expertise in fighting money laundering and terrorism. It participates in both EGMLTF and
FIU Platform meetings, and publishes an annual organised crime threat assessment which
includes analysis on money laundering threats. Its analyses and other intelligence work would
be a useful addition to the EU AML risk assessment. Europol could be invited to share
information and experience it has and which would be relevant for assessing EU level risks in
the areas that will be defined; Europol experts could be invited to relevant EGMLTF
FIUs are organised at the EU level through a group called the FIU Platform set up by the
Commission in 2006. The Platform’s main task is to facilitate cooperation among EU FIUs,
and meetings are chaired by the Commission services. The Platform allows EU FIUs to
exchange information, knowledge and experiences, some of which could be contributed to the
EU AML risk assessment. FIUs are well-positioned to contribute to the risk assessment
process, as they are able to take a broad view of money laundering risks, including risks
associated with DNFBPs. Work could be organised via the Platform in order to input into the
EGMLTF process; and representatives from EU FIUs could be invited to relevant EGMLTF
The 4AMLD does not contain specific provisions regarding input from the DNFBPs. Various
lobby and interest organisations for the DNFBP sectors exist at EU level, but there are only a
limited number of such formally established, EU-level entities and they do not necessarily
represent all types of businesses operating within a certain sector. Partial coverage is therefore
a problem, and such organisations are also unlikely to have sufficient experience, capacity and
resources to make a valuable contribution to a risk assessment at EU level. Gathering
contributions and securing cooperation from such bodies may therefore be difficult.
However, contributions from EU-level DNFBP representative bodies which are sufficiently
well organised and willing to participate could directly feed into the process.
The decision on where to focus the EU level risk assessment will obviously have an impact on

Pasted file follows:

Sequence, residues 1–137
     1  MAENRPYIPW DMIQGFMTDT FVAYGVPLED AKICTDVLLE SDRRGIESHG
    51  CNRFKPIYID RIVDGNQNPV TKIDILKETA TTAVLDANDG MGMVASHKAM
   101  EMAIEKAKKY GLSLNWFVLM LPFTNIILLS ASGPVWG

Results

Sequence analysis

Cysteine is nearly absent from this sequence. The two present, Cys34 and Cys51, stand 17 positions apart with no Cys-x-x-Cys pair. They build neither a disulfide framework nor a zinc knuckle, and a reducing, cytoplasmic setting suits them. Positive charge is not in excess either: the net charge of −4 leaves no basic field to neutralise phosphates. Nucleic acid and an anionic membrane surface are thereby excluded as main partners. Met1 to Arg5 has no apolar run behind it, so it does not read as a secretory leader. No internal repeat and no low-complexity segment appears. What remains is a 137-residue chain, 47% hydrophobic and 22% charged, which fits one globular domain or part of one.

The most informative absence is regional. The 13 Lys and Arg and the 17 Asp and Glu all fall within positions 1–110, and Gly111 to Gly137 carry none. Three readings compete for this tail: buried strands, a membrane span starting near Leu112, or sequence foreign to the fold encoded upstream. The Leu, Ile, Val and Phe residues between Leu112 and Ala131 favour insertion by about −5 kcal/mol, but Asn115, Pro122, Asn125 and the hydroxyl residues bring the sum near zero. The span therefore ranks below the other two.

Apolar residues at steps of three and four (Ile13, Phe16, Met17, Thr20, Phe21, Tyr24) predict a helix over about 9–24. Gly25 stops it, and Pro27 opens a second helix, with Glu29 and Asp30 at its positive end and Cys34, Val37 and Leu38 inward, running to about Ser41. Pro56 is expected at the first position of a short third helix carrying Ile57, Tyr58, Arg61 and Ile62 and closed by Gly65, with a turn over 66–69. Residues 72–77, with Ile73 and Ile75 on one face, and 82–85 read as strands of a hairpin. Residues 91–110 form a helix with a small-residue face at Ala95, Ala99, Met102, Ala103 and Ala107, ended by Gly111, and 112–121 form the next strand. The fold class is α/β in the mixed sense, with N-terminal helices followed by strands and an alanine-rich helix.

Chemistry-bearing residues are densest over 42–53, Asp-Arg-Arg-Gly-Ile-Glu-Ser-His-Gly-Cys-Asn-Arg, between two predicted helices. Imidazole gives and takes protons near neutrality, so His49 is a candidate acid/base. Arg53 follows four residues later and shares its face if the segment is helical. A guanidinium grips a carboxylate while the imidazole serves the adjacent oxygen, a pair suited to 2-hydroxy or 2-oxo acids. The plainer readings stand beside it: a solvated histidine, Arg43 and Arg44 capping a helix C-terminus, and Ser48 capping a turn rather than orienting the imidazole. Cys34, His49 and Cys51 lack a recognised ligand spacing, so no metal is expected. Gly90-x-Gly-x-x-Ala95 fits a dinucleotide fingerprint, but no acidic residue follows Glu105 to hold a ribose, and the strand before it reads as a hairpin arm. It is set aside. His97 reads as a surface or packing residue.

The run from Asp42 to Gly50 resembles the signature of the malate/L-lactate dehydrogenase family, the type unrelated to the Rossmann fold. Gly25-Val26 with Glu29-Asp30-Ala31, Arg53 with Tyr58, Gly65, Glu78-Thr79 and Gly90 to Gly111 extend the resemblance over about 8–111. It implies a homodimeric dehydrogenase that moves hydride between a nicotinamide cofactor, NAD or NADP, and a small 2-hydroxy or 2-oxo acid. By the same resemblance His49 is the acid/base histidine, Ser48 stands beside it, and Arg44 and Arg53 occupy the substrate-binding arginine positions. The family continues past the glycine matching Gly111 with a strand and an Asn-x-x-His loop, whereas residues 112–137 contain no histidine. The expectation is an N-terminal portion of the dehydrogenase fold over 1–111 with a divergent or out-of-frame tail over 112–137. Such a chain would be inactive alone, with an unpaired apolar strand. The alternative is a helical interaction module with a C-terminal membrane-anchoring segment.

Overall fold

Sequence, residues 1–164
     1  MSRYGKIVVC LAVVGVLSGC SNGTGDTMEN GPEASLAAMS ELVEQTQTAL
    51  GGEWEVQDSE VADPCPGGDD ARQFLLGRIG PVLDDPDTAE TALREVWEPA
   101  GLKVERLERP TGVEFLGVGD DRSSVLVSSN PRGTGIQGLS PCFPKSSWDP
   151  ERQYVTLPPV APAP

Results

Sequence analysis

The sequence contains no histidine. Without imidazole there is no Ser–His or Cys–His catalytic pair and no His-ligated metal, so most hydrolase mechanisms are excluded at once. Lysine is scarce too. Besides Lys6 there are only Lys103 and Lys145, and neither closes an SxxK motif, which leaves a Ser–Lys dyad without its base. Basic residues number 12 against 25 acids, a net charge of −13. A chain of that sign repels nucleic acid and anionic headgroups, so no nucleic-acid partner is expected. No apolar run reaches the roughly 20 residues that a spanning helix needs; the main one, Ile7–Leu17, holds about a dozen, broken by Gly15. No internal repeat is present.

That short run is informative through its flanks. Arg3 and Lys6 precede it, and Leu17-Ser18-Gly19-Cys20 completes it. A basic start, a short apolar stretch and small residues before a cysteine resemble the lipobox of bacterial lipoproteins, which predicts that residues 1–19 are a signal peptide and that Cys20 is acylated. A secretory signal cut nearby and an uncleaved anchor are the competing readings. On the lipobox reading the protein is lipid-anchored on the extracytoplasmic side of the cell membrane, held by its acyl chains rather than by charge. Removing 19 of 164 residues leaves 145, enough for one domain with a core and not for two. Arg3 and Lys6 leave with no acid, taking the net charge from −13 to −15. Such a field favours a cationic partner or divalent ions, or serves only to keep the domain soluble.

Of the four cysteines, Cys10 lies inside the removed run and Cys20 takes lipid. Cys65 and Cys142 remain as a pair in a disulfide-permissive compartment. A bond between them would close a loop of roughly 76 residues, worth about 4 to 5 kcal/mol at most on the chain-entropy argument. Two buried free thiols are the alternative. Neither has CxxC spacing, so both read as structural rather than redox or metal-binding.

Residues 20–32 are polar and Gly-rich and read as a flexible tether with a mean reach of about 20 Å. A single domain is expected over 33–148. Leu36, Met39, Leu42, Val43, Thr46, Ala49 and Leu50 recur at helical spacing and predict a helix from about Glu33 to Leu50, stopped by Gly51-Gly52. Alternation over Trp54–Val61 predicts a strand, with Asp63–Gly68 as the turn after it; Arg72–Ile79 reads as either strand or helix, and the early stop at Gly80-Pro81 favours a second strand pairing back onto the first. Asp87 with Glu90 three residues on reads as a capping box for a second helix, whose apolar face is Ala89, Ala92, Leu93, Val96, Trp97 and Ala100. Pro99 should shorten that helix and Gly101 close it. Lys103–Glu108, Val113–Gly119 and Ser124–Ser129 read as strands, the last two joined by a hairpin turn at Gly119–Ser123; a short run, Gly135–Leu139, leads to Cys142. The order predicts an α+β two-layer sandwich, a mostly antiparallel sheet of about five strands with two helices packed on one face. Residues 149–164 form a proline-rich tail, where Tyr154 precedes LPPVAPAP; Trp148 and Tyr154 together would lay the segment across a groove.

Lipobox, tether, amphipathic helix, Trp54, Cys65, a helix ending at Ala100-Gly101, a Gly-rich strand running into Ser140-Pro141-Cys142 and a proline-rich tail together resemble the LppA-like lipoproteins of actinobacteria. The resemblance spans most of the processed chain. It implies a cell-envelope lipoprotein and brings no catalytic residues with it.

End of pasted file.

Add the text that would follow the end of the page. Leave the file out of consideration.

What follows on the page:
DNFBP involvement: contributions from DNFBP sectors would be needed only to the extent
that the EU level risk assessment concerns areas in which DNFBPs are active. This would
most probably limit the difficulties mentioned above.
In addition it is important to keep in mind that national risk assessments pursuant to Article 7
of the 4AMLD will also have to cover DNFBP sectors and that involvement of these sectors at national level
is usually more straightforward and more representative than at EU level (a
number of the DNFBPs are organised via chambers or chartered institutes at national level
which may even have regulatory and supervisory tasks).
Therefore it would seem a reasonable approach that contributions from DNFBP sectors
should be collected at Member State level and that national experts attending the EGMLTF
would then be in a position to present the national views of any particular risks identified in
specific DNFBP sectors where relevant to the EU level risk assessment. This would simplify
and improve the risk assessment process whilst still benefitting from the input provided by
8. Possible amendments to the Directive
The Directive could make provision for the basic elements of this work. A recital could be
added to clarify how the work of the group relates to the assessment of EU AML risk as
“The Commission, assisted by the EGMLTF should coordinate the assessment of risks at
European level associated with particular issues to be identified and should ensure that due
account is taken of the opinion delivered by the ESAs
A legal provision supplementing Article 6 could be drafted as follows:
”The Commission shall take the necessary steps to coordinate work at EU level on the
identification, understanding and assessment of money laundering and terrorist financing
risks affecting the Internal Market with respect to specific cross-border phenomena and shall
draw up a report on these. The Commission shall be assisted by the Expert Group on Money
Laundering and Terrorist Financing and shall involve EUROPOL, the European FIU
Platform and other EU level bodies where appropriate.”